Apparently the title song from the Broadway musical Nine was cut from the film version. Perhaps it would explain why this movie is called Nine, I don't know. It doesn't make sense. Is there 9 of anything in this? It's an adaptation of Federico Fellini's 1963 movie 8 1/2, and there was no story significance to the title of that film, except for a metatextual relation between the number of movies Fellini had made and the fictional movie director's creative struggles within the narrative. I guess it's hubris on the part of the Broadway writers and the people making this version: we can finish it off for the Maestro. I wish I had paid attention if Fellini actually gets a credit in the movie, because they don't give him one on the IMDB page for Nine. That really pisses me off.
Particularly since these gutsy no-accounts don't really bring anything to the table. 8 1/2 starred the great Marcello Mastroianni as Guido Anselmi, a filmmaker whose success was starting to cripple him. The film tracks his schemes to stay ahead of his producers, to keep them from finding out that he hasn't written his script, while also trying to balance his mistress, his wife, and his star. Reexamining his creative process leads to reexamining his love life. It's all connected. 8 1/2 is a freewheeling expression of Fellini's imaginative Id, self-doubt turned into cinematic art.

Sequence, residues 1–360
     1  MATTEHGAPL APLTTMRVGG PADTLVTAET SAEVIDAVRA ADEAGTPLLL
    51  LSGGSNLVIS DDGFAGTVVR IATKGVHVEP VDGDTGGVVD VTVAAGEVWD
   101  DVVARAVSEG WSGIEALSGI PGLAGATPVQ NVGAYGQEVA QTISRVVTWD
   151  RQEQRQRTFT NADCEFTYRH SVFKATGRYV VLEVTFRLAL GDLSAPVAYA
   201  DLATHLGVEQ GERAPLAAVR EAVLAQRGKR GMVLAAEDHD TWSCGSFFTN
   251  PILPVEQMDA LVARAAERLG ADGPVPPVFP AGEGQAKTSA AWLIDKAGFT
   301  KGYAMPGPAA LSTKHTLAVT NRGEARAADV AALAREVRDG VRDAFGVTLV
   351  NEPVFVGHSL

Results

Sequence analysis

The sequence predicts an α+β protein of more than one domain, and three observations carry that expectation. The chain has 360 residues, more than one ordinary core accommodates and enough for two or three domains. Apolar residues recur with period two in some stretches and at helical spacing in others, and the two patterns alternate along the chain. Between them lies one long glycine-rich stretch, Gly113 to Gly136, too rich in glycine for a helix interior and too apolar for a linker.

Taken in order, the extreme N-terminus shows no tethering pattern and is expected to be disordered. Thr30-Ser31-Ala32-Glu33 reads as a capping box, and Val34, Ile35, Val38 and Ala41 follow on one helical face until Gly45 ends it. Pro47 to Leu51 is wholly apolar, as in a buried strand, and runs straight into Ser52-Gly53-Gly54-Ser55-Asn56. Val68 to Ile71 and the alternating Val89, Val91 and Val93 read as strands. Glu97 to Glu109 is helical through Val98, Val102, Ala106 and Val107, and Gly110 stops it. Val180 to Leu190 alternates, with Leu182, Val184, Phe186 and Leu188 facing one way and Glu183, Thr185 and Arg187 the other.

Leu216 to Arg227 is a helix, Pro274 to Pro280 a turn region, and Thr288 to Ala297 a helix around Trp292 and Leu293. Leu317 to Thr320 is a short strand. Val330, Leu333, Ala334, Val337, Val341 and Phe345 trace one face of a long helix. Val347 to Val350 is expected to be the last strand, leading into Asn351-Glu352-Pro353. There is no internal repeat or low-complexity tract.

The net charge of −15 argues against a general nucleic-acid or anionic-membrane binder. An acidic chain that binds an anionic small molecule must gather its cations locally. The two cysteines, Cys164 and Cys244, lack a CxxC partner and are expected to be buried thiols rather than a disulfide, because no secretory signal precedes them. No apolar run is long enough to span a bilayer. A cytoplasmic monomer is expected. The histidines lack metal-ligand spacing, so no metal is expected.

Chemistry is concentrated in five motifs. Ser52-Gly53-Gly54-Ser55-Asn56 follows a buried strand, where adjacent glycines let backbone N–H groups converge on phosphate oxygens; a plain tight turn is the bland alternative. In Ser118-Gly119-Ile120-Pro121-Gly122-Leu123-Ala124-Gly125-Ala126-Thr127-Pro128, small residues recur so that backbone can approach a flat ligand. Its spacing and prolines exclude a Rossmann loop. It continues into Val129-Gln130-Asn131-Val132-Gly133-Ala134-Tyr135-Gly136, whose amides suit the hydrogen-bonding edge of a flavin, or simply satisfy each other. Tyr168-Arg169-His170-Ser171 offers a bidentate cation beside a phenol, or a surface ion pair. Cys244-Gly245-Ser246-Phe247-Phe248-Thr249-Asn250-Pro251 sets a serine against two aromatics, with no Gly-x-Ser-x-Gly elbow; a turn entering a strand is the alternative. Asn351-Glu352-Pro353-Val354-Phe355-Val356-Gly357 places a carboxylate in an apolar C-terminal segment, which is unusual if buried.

Nine pretty much sticks to the same story. Daniel Day-Lewis proves a formidable stand-in for Mastroianni, playing Guido Contini, a neurotic, faltering film director due to start shooting in ten days. His regular star, an international sensation named Claudia (Nicole Kidman), is set to feature in Italia, a story of Italy itself, and they are building the sets at the Cinecitta movie studio. Only problem is Guido doesn't have a script, and so he ditches out of a press conference and goes and hides in a country spa. He is eventually joined by his mistress Carla (PenÚlope Cruz), his wife Luisa (Marion Cotillard), and a hot-to-trot American reporter named Stephanie (Kate Hudson). His producer and crew follows him, too, including the sage of the wardrobe, Lilli (Dame Judi Dench), who gives him advice, and the ghost of his mother (Sophia Loren), proof that Guido's love for women goes way back. There is also the specter of the prostitute the child Guido paid to show him his first pair of mammary glands. The Saraghina sequence is one of the most famous in all of Fellini's films; for Nine, they cast the Black Eyed Peas-singer Fergie in the role. If ever Hollywood needed a lead pipe taken to the back of its metaphorical head, it was during that casting session. Thank the heavens that Michael Buble wasn't available to play Guido.